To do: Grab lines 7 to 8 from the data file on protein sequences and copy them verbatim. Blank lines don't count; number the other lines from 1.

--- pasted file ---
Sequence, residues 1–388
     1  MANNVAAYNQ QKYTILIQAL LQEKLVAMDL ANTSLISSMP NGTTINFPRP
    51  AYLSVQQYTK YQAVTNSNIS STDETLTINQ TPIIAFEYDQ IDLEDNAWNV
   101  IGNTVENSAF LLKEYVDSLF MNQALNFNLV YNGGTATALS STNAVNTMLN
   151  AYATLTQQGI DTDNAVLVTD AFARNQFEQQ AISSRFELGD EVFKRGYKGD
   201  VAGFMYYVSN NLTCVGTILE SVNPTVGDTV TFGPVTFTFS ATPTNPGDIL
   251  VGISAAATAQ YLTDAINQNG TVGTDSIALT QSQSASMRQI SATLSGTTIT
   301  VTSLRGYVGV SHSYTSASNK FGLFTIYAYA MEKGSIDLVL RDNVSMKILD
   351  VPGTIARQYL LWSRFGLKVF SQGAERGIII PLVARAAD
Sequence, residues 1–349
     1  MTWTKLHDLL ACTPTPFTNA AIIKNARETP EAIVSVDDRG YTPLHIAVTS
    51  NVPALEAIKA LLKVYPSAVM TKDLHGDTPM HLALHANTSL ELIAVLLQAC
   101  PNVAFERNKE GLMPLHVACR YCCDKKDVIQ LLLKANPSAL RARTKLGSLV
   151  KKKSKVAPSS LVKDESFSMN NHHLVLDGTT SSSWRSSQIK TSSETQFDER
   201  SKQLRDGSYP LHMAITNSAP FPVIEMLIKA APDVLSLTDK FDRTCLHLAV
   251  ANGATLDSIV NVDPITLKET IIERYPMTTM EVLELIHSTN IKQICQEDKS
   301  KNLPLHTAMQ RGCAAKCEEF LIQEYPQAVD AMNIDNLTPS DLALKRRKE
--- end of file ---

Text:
   251  VGISAAATAQ YLTDAINQNG TVGTDSIALT QSQSASMRQI SATLSGTTIT
   301  VTSLRGYVGV SHSYTSASNK FGLFTIYAYA MEKGSIDLVL RDNVSMKILD